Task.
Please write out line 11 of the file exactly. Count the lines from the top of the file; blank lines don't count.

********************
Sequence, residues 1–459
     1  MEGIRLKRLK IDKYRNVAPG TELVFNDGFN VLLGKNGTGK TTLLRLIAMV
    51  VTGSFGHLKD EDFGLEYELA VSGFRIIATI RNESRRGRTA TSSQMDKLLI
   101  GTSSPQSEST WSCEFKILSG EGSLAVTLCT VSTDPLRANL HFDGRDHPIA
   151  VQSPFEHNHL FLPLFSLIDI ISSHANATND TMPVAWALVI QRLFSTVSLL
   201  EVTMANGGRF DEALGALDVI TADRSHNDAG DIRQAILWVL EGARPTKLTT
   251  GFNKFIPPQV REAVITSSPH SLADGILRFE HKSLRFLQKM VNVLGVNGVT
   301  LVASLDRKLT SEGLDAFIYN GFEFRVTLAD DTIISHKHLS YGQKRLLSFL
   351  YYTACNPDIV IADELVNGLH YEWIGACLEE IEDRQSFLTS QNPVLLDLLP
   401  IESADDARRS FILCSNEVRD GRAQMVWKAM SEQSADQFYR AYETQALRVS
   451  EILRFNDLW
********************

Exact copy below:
   451  EILRFNDLW